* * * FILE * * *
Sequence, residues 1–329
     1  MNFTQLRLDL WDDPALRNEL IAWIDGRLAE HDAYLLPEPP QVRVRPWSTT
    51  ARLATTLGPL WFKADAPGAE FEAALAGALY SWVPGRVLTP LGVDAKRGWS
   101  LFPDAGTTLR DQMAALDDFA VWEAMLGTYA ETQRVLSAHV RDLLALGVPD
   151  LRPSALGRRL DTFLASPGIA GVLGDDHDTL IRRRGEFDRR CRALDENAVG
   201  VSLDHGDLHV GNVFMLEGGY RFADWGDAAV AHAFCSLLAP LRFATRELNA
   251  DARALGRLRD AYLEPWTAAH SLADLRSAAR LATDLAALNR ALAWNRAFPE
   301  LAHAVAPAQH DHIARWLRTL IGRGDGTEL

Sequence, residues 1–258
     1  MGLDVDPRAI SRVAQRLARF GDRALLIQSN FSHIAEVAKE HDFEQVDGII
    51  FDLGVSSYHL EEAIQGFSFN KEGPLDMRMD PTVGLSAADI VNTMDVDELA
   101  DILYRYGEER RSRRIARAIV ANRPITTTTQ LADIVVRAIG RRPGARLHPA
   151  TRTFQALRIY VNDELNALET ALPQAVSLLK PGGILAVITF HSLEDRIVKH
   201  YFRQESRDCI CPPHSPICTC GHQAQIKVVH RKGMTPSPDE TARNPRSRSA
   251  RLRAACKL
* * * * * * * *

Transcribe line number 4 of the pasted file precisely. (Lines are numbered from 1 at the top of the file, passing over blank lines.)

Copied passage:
   101  LFPDAGTTLR DQMAALDDFA VWEAMLGTYA ETQRVLSAHV RDLLALGVPD